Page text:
I’m going to start out by saying that I do love a “historical drama” (and I am using that term in the loosest possible sense). I am a complete sucker for them. Ask my husband, who rolls his eyes at my DVD collection. Pride & Prejudice (1996 or 2005, either works for me). Check. Heartbeat. Check. Downton Abbey. Check. Lilies. Check. Call the Midwife. Check. Many others. Check. Anything set in the past, I’ll give a go. On the other hand, I can honestly say I’ve never watched a soap (since the Archers doesn’t count, and secretly I think of them as distant family I tune in to catch up with because they’ve been such a constant in my life.)
So I anticipated The Crimson Field with interest. Serious writing talent behind it, interesting topic, and a period I’m doing a lot of research in at the moment albeit not in any depth. Great. And since TV watching now seems to result in accompanied tweeting, it was fascinating to see other people’s responses. So now that the series is over, with no clear indication as to whether it’s going to carry on, I’ve got a few thoughts on a couple of the issues raised in various places about it. I’m not going to review each episode, but here’s my two pen’th.
Accuracy. For some people this is a clincher. If you have researched extensively, made your career out of this area then I completely understand that inaccuracies in the programme are going to wind you up. Fair play. I scream at the telly when they show something implausible on WDYTYA? Misrepresentation of the average person’s research experience on national telly really winds me up. There’s a reason it’s known as WDYTYD?* amongst the archivists of my acquaintance… The difference, to my mind, is that The Crimson Field is a drama. Not a documentary. It’s a story. I’m sure the crew worked bloody hard to make sure they were as accurate as they could be, and feasibly the red colour on some of the costumes is wrong and yes, having a Nissan hut in shot was a bit of a cock up, but I don’t think having every single exact precise detail is as important as good drama. And it was good drama, in my opinion.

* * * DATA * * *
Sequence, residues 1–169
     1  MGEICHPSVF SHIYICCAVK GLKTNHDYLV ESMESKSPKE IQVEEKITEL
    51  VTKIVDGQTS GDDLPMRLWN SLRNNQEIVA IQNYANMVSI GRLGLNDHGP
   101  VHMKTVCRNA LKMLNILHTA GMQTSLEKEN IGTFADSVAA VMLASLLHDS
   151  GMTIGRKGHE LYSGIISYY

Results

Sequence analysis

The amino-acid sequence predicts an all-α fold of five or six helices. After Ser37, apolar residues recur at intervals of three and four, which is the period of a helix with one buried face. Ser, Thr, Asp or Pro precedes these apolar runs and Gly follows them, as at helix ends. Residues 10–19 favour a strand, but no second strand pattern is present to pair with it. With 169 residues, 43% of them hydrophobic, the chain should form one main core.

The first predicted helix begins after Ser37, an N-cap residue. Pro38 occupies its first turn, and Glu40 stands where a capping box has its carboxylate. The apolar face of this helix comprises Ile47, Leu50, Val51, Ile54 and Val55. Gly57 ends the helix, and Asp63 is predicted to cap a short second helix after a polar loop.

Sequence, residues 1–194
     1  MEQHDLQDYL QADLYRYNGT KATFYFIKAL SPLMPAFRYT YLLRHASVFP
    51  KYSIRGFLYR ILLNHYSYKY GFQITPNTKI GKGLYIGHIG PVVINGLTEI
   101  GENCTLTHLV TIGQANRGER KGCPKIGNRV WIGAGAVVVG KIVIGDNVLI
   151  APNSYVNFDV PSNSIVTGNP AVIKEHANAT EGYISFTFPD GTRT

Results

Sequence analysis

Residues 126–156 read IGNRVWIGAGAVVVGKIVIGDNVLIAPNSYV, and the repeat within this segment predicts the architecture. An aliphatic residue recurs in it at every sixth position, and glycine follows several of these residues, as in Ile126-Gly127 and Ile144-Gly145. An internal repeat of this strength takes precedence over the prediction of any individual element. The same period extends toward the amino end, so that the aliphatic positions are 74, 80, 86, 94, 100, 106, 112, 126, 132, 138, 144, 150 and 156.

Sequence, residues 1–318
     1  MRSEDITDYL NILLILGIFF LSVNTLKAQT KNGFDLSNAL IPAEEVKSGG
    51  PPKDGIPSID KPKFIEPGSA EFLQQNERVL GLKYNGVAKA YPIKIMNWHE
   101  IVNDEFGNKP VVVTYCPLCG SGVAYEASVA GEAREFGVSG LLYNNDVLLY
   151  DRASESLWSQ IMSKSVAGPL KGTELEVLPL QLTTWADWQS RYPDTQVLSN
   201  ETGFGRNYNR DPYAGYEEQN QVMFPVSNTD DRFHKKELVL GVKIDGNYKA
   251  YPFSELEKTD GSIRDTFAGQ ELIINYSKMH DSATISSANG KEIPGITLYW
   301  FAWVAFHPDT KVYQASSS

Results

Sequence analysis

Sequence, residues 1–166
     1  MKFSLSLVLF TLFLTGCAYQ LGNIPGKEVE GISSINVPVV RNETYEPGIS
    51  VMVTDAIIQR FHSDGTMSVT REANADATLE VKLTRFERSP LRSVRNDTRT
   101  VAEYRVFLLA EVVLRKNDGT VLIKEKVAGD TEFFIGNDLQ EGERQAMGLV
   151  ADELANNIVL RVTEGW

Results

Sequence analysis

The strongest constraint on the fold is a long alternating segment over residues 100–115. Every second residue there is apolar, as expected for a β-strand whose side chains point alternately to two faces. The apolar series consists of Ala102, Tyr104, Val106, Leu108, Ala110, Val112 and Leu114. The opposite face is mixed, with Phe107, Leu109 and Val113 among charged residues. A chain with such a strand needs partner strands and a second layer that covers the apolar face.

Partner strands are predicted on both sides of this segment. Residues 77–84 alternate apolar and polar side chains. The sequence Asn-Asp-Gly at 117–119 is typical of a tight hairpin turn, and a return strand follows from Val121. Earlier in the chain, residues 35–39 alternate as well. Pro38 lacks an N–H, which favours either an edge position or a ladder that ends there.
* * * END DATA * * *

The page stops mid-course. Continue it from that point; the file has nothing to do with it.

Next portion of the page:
I read various commentaries lamenting that the nurses were portrayed as less than perfect specimens of women. Shock horror. Writer portrays characters as humans. The various guises of nurses who served in the First World War were incredible women. They were brave and I am in awe of them for going out there and doing something meaningful. But none of them were perfect. And whilst I doubt the combination of stories portrayed in The Crimson Field happened in quite those terms, I can’t believe that women didn’t go out to France to escape something in their past, didn’t come from unsavoury circumstances, didn’t sign up underage, didn’t fall in love with men they worked with even. Certainly soldiers did, so why not the women too? I’ve researched enough men who served in the First World War to know that. But here’s the thing again. It’s a story. Several stories. Figments of the very talented Sarah Phelps’ imagination. I mean, if we’re really being pedantic about accuracy, it’s time someone wrote about how filming it in Wiltshire (or wherever it was) makes it less meaningful as a drama because the Unit was supposed to be in France.
The other gripe that particularly caught my attention was in response to the BBC tweeting details of the book it says inspired the creation of the series. I don’t mean to be rude, but unless you are Sarah Phelps, you have no business declaring what did or didn’t inspire her. And if the BBC say it did, then they probably have that on good authority. Perhaps reading the story of a nurse in another hospital made her wonder what the experience would have been for British girls and women? If she’d adapted that particular book, no doubt there would be whinging about plagiarism. Whatever the circumstances, I’m sure Sarah Phelps doesn’t need me to defend her.
*What Do You Think You’re Doing?
(In my searchroom…)